My Lords, this is a difficult and incredibly moving issue, as evidenced by the previous 28 speakers. I am no stranger to difficult moral issues in this place, but I have always had the certainty that what I believe is right and my opponents were always wrong. I do not have those certainties here today, and I do not believe that anyone in this House is entirely right or, indeed, entirely wrong. One thing that we learn in this place is that there are very few moral absolutes.
The Bill challenges so much of what we hold dear. It takes a big principle that life is precious, God-given and should be preserved and challenges it. The Bill says, “In some circumstances we, the state, should help you to terminate your life”. It is like an act of war on a personal scale—justified, perhaps in the extreme, but nobody wants to do it.
I have thought long and hard about the Bill, and the easy option was not to participate in this debate today; with more than 125 speakers, that was probably the wiser option too. But to go with the crowd and hope not to be noticed would feel like a dereliction of duty and, like everyone here today, I think that that is not the way that this House operates.
With limited time, let me set out what I believe—not what a court believes, not what a judge believes but what I believe. I believe that I am the guardian of my own life; I believe that my behaviour is my responsibility; and I believe that, in the end, I should have the right to decide whether I wish to bring my life to an early close. I also see the dangers of that position: the dangers to the vulnerable; the dangers to a moment in time; the dangers of abuse and, yes, of unintended consequences.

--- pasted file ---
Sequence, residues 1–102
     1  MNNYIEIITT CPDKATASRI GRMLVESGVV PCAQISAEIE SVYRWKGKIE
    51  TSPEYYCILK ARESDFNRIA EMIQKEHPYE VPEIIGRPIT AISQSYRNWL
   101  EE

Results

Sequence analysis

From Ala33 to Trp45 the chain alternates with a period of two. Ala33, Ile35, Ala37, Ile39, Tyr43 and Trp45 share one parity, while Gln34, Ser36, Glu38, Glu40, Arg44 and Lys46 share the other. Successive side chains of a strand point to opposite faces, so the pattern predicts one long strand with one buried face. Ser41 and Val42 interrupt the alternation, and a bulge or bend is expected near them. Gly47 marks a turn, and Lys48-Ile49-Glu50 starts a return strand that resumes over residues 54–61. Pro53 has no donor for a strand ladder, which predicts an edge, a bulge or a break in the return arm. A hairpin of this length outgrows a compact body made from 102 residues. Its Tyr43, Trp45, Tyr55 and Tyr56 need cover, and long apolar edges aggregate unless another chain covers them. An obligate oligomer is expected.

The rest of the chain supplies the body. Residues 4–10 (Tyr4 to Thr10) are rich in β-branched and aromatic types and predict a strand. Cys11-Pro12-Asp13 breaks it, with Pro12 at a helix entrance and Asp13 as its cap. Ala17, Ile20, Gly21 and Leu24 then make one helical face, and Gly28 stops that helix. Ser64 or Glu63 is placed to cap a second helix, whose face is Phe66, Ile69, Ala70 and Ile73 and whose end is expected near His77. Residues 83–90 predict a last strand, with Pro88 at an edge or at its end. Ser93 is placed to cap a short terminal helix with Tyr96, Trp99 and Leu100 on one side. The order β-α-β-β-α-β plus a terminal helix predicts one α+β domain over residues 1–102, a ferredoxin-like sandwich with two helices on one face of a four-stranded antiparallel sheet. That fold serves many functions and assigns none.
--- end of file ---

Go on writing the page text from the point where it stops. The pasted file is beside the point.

The Bill, in these specific circumstances, lays down some measures to protect the vulnerable and limit the potential for abuse, but we have to think about that much more carefully. However, I add my support to it today. I fully understand that it could open up a broader debate, as the noble and right reverend Lord, Lord Harries, said, about how we end our lives, but we in this House should not be afraid of that debate or of passing the Bill because, for me, it is not about a future position. Equally, I am confident that this House and the other place are competent to deal with the future as it presents itself. I say to my noble and learned friend Lord Falconer of Thoroton, thank you very much for introducing the Bill. I admire you greatly for doing so, as I do every Member who has spoken in this debate or put their name down to speak.